The court of appeal has cleared the way for the Modesto Redevelopment Agency to sue manufacturers and suppliers of dry cleaning solvents and equipment.
While the First District Court of Appeal did not rule on the Redevelopment Agency’s claims, the unanimous appellate panel did overturn a lower court decision to dismiss the lawsuit against the manufacturers and suppliers. By potentially making more parties liable for the cleanup of contamination, the decision could bolster redevelopment agencies’ efforts to clean up tainted land and water.
At issue is liability for contamination from two dry cleaning solvents, perchloroethylene (PERC) and trichloroethylene. The city argued that dry cleaners dumped the solvents into the city’s sewer system and let the solvents leak into the environment. The city sued a collection of manufacturers, distributors and dry cleaners. Under the Polanco Act (Health & Safety Code § 33459), a redevelopment agency may remediate contaminated properties within a project area and may recover the costs from the responsible parties. The definition of a “responsible party” is contained in the Porter Cologne Water Quality Control Act (Water Code § 13000 et seq.).
San Francisco Superior Court Judge Richard Kramer granted summary judgment for the manufacturers and distributors, but he also asked for guidance from the appellate court.
Writing for the First District, Justice Maria Rivera first dealt with the common law definition of nuisance, concluding, “[L]iability for nuisance does not hinge on whether the defendant owns, possesses or controls the property, nor on whether he is in a position to abate the nuisance; the critical question is whether the defendant created or assisted in the creation of the nuisance.”
The court then moved to the question of whether the city’s claims under the Polanco Act fell within the realm of nuisance or of product liability law. The court turned toSelma Pressure Treating Co. v. Osmose Wood Preserving Co., (1990) 221 Cal.App.3d 1601, a case that also involved manufacturers, distributors and end users of hazardous materials.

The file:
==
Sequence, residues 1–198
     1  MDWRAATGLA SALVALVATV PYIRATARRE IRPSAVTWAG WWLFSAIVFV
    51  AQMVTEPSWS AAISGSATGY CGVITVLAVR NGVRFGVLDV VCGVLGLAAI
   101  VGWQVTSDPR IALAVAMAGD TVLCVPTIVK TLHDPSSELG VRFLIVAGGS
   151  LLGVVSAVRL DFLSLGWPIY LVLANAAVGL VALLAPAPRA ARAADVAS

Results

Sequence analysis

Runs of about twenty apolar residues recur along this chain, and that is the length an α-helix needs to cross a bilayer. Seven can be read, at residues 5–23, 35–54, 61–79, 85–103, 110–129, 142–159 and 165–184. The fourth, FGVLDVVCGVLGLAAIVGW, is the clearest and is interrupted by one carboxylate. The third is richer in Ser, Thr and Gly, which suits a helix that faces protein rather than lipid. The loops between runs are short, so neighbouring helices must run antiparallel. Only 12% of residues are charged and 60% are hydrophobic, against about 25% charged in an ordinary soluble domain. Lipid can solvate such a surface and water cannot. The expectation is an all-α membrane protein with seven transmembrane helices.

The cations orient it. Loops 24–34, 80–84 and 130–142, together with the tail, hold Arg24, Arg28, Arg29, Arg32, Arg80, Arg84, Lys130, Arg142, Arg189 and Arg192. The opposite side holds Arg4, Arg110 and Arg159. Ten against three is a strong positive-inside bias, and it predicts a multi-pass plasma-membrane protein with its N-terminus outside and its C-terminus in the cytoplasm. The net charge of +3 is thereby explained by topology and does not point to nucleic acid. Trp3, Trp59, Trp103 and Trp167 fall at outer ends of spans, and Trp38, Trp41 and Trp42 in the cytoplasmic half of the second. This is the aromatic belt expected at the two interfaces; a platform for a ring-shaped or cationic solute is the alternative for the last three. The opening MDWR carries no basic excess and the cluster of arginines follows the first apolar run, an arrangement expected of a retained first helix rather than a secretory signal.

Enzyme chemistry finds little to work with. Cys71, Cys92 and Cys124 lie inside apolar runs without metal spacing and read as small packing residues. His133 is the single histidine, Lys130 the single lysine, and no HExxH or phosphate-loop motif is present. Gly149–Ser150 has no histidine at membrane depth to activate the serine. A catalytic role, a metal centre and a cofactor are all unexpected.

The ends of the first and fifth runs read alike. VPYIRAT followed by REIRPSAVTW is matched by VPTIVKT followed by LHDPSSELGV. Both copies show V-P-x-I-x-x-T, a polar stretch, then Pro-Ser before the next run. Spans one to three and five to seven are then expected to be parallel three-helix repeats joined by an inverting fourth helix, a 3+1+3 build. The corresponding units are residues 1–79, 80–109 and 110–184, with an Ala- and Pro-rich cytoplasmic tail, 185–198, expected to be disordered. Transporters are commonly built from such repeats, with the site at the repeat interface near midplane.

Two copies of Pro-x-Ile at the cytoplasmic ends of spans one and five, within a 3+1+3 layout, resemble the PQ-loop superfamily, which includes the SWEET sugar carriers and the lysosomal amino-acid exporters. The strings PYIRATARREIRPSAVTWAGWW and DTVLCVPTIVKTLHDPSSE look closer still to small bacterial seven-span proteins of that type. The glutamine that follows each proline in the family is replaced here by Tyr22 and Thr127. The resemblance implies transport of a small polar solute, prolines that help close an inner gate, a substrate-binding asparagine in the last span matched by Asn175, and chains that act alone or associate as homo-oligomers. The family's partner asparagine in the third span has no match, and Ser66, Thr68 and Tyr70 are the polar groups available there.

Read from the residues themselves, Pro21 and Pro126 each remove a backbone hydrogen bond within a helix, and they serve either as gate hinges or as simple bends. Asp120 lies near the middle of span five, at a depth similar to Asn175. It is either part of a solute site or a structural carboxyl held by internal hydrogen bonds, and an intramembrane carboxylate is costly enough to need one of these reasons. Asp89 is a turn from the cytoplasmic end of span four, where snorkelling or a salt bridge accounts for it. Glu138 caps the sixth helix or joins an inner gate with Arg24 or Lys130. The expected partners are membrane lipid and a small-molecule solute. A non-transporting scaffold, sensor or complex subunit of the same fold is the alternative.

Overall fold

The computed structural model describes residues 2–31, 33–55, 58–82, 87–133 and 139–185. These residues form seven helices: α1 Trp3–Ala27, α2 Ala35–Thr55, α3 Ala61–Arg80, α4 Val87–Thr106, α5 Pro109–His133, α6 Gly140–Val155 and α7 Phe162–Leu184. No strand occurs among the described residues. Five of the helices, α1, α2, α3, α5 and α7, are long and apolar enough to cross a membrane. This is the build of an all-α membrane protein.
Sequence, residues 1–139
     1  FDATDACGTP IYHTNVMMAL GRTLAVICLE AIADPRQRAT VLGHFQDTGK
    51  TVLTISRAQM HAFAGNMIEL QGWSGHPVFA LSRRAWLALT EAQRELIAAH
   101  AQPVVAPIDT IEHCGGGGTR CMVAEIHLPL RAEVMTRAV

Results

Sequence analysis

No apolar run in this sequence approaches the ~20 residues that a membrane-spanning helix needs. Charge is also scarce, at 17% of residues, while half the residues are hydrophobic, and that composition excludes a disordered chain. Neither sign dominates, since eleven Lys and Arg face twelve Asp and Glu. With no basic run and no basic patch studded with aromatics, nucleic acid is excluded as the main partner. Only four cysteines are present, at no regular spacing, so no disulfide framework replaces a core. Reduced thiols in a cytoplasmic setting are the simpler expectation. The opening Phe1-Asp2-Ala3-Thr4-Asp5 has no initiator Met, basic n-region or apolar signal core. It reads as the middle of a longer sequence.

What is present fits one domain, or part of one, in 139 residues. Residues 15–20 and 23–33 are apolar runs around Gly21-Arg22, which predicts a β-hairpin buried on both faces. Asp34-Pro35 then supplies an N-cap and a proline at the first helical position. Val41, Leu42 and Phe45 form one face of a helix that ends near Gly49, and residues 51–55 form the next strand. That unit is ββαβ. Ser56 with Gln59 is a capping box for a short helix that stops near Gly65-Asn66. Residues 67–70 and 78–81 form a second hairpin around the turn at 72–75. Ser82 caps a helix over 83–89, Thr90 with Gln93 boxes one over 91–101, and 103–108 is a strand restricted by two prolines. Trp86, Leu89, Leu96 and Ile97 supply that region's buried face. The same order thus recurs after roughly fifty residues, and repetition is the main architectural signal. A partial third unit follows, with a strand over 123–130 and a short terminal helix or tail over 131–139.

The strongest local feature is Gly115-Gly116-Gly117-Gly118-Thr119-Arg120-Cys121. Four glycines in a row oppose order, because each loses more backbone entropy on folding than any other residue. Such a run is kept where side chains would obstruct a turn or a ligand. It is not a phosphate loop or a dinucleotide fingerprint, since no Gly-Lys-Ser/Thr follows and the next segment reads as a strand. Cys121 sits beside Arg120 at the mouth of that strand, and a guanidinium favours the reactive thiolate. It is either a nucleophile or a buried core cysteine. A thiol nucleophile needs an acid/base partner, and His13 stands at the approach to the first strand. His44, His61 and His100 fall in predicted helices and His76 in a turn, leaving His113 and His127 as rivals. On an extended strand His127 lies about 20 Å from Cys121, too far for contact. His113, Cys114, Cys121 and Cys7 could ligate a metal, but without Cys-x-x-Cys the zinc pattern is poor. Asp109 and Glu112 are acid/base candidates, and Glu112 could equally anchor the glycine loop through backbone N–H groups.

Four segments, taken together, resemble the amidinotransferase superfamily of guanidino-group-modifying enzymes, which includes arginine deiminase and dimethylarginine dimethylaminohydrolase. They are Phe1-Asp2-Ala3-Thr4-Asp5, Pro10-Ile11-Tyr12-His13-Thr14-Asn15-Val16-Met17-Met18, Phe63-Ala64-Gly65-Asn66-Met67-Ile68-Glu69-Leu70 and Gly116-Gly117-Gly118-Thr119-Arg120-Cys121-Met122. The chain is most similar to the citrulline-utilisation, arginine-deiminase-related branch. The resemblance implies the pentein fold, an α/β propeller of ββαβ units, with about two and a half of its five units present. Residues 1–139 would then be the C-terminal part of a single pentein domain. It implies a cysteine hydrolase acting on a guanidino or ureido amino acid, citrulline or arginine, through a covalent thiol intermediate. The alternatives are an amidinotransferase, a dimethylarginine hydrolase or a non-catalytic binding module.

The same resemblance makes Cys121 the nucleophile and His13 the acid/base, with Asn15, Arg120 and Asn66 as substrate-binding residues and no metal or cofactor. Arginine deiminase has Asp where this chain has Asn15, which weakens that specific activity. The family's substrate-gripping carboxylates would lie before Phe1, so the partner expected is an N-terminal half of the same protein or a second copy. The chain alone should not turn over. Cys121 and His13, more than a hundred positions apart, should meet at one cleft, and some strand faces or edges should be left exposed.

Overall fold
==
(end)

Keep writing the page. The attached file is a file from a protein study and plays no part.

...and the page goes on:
“We agree with the first stated conclusion in Selma — that those who create or assist in creating a system that causes hazardous wastes to be disposed of improperly, or who instruct users to dispose of wastes improperly, can be held liable under the law of nuisance,” Rivera wrote. “Here, for example, the city claims that, with knowledge of the hazards involved, some of the defendants instructed the dry cleaners to set up their equipment to discharge solvent-containing wastewater into the drains and sewers, and that others gave dry cleaners instructions to dispose of spilled PERC on or in the ground. We conclude that these kinds of affirmative actions or instructions could support a finding that those defendants assisted in creating a nuisance.”
But the court distinguished those parties that provided instruction to dry cleaners from manufacturers that made products but offered no guidance to end users.
“[W]e conclude that those who took affirmative steps directed toward the improper discharge of solvent wastes — for instance, by manufacturing a system designed to dispose of wastes improperly or by instructing users of its products to dispose of wastes improperly — may be liable under that statute [Water Code § 13304, subdivision (a)], but those who merely placed solvents into the stream of commerce without warning of the dangers of improper disposal are not liable under that section of the Porter-Cologne Act,” the court ruled.
The First District returned the case to the trial court with instructions to “apply the standards articulated in this decision” to the facts in Modesto.
City of Modesto Redevelopment Agency v. Superior Court, No. A104367, 04 C.D.O.S. 4692, 2004 DJDAR 6452. Filed May 28, 2004. Modified June 28, 2004 at 2004 DJDAR 7928.
For Modesto: Duane C. Miller, Miller, Axline & Sawyer, (916) 924-8600.
For Dow Chemical (real party in interest): Gennaro Filice, Filice, Brown, Essa & McLeod, (510) 444-3131.